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The staging, grading and prognosis of ovarian cancer
The tests completed by your specialist show whether you have ovarian cancer and whether it has spread to other parts of the body. This process is called staging and it helps your health care team plan the best treatment for you.
In most instances, your doctor will not have enough information to work out the stage of the ovarian cancer until after surgery.
The staging system most commonly used for ovarian cancer is the International Federation of Gynecology and Obstetrics (FIGO) system It divides ovarian cancer into four stages:
|stage 1||Cancer is in one or both ovaries only.|
|stage 2||Cancer is in one or both ovaries and has spread to other organs in the pelvis (uterus, fallopian tubes, bladder or bowel).|
|stage 3||Cancer is in one or both ovaries and has spread beyond the pelvis to the lining of the abdomen (peritoneum) or to nearby lymph nodes.|
|stage 4||The cancer has spread further to distant organs such as the lung or liver.|
Stages 1–2 mean it is early ovarian cancer. Stages 3–4 mean the cancer is advanced. About 7 out of 10 cases of ovarian cancer are diagnosed at stage 3 or 4.
The four stages of ovarian cancer in the FIGO system may be further divided into sub-stages, such as A, B, C, which indicate increasing amounts of tumour.
Grading ovarian cancer
The cancer will also be given a grade based on how the cancer cells look compared to normal cells under a microscope. This suggests how quickly the cancer may grow.
Grade 1 (or low grade) ovarian cancer is likely to grow relatively slowly. Grade 2 (moderate grade) might grow more quickly. Grade 3 (high grade) is likely to grow quickly.
Prognosis means the expected outcome of a disease. You may wish to discuss your prognosis and treatment options with your doctor, but it is not possible for anyone to predict the exact course of the disease in a particular person.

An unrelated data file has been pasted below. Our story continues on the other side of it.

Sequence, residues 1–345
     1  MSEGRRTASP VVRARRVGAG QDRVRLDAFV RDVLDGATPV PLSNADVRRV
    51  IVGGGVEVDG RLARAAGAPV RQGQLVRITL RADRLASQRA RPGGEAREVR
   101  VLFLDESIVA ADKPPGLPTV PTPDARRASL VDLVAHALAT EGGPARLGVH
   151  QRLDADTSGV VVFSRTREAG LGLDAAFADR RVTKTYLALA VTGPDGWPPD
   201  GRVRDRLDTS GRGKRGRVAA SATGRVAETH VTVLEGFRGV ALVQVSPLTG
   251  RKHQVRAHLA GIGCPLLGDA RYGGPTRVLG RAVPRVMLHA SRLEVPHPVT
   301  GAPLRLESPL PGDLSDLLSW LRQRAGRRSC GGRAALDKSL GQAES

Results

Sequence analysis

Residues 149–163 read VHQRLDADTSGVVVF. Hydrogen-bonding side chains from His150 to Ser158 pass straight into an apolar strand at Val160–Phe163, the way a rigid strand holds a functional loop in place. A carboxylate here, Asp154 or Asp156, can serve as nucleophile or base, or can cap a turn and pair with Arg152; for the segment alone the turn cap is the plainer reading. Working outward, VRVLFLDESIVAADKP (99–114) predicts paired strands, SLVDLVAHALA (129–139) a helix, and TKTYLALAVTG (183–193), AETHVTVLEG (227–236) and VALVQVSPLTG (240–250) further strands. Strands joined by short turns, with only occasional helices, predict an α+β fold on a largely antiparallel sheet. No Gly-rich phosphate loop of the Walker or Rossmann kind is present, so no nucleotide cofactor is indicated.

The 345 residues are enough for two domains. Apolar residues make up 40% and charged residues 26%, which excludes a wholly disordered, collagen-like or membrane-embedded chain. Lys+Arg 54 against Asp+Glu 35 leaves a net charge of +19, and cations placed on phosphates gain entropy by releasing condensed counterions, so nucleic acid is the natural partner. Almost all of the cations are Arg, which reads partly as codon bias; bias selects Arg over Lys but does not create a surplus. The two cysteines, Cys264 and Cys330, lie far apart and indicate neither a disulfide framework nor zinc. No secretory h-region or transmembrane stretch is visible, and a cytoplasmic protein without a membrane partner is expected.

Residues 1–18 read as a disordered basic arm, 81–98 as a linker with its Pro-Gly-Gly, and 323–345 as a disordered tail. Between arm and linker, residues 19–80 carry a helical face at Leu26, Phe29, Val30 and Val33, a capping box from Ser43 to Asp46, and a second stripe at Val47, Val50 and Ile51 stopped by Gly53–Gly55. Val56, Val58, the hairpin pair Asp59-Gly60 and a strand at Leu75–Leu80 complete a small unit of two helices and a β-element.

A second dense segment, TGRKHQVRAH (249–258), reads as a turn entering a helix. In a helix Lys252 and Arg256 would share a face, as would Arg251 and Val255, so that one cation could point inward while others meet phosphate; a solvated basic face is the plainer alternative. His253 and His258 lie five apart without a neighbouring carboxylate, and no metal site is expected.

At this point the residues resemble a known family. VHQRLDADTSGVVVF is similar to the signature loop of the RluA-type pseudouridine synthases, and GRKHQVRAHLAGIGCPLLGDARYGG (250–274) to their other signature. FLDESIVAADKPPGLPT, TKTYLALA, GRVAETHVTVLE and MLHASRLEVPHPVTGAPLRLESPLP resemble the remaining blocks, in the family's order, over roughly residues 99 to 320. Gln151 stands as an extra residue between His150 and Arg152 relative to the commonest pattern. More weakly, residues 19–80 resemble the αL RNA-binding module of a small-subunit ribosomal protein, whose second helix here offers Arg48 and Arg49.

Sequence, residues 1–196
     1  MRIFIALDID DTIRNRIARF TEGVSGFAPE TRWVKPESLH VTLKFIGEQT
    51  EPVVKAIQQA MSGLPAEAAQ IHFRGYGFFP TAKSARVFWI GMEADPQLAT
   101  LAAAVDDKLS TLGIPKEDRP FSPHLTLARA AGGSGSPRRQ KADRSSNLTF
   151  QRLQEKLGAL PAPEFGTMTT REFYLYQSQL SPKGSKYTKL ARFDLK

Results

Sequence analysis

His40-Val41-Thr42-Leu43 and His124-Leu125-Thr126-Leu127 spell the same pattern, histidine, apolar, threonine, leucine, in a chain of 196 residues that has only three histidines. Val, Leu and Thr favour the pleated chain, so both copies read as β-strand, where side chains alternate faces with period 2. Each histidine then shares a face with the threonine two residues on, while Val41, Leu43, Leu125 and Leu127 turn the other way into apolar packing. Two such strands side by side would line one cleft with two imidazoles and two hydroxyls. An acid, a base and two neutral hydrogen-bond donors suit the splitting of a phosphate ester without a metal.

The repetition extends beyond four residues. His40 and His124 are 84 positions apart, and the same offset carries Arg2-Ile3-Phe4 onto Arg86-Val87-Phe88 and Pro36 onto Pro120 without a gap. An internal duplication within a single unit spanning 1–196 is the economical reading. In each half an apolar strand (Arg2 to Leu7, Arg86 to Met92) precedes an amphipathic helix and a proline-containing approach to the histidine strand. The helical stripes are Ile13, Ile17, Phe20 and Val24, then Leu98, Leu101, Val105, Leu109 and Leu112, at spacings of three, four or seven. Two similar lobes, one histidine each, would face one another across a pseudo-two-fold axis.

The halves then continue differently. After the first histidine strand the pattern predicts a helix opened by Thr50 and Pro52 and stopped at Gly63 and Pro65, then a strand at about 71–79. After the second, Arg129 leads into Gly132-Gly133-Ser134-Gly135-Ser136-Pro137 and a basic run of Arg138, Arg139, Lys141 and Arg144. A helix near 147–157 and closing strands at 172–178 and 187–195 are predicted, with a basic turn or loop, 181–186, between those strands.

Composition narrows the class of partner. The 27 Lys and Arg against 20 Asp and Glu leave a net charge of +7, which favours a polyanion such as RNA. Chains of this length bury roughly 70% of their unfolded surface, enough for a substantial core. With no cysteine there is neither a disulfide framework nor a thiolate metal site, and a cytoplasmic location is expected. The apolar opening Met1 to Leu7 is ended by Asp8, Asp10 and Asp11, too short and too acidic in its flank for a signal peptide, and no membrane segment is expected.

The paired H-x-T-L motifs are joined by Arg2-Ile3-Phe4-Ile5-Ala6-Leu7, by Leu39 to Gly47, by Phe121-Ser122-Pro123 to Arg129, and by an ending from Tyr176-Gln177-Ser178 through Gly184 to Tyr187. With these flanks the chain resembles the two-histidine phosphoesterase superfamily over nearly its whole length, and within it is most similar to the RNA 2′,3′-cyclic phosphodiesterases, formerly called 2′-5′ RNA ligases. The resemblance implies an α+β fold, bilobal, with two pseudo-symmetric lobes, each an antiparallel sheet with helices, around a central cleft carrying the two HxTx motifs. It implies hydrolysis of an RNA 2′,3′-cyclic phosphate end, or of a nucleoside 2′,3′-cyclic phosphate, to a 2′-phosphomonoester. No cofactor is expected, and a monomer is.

Your doctor will consider many factors in assessing your prognosis. These include test results; the type of ovarian cancer and its stage and grade; genetic factors; your response to treatment; and other factors such as your age, fitness and overall health.
Epithelial cancer – If epithelial ovarian cancer is diagnosed and treated before the cancer has spread outside the ovary (stage 1), it has a good prognosis. Many cases of more advanced cancer may respond well to treatment, but the cancer often comes back (recurs) and further treatment is needed.
Germ cell and stromal cell tumours – These can usually be treated successfully, although there may be a small risk the cancer will come back and need further treatment.
Borderline tumour – This can usually be treated successfully with surgery alone.
Discussing your prognosis and thinking about the future can be challenging and stressful. It may help to talk with family and friends. You can also call Cancer Council 13 11 20 if you or your family or friends need more information or emotional support.
This information is reviewed by
This information was last reviewed April 2020 by the following expert content reviewers: A/Prof Sam Saidi, Senior Staff Specialist, Gynaecological Oncology, Chris O’Brien Lifehouse, NSW; A/Prof Penny Blomfield, Gynaecological Oncologist, Hobart Women’s Specialists, and Chair, Australian Society of Gynaecologic Oncologists, TAS; Dr Robyn Cheuk, Senior Radiation Oncologist, Royal Brisbane and Women’s Hospital, QLD; Kim Hobbs, Clinical Specialist Social Worker, Gynaecological Cancer, Westmead Hospital, NSW; Sonja Kingston, Consumer; Clinical A/Prof Judy Kirk, Head, Familial Cancer Service, Crown Princess Mary Cancer Centre, Westmead Hospital, and Sydney Medical School, The University of Sydney, NSW; Prof Linda Mileshkin, Medical Oncologist and Clinical Researcher, Peter MacCallum Cancer Centre, VIC; Deb Roffe, 13 11 20 Consultant, Cancer Council SA; Support Team, Ovarian Cancer Australia; Emily Stevens, Gynaecology Oncology Nurse Coordinator, Department of Obstetrics and Gynaecology, Flinders Medical Centre, SA; Dr Amy Vassallo, Fussell Family Foundation Research Fellow, Cancer Research Division, Cancer Council NSW; Merran Williams, Consumer.